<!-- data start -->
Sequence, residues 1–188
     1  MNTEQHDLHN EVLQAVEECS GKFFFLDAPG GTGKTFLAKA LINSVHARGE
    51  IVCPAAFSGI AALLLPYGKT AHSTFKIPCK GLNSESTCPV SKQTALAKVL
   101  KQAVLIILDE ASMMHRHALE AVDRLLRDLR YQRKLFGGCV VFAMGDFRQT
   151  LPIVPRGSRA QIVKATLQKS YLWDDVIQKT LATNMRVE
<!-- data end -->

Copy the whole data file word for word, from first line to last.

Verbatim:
Sequence, residues 1–188
     1  MNTEQHDLHN EVLQAVEECS GKFFFLDAPG GTGKTFLAKA LINSVHARGE
    51  IVCPAAFSGI AALLLPYGKT AHSTFKIPCK GLNSESTCPV SKQTALAKVL
   101  KQAVLIILDE ASMMHRHALE AVDRLLRDLR YQRKLFGGCV VFAMGDFRQT
   151  LPIVPRGSRA QIVKATLQKS YLWDDVIQKT LATNMRVE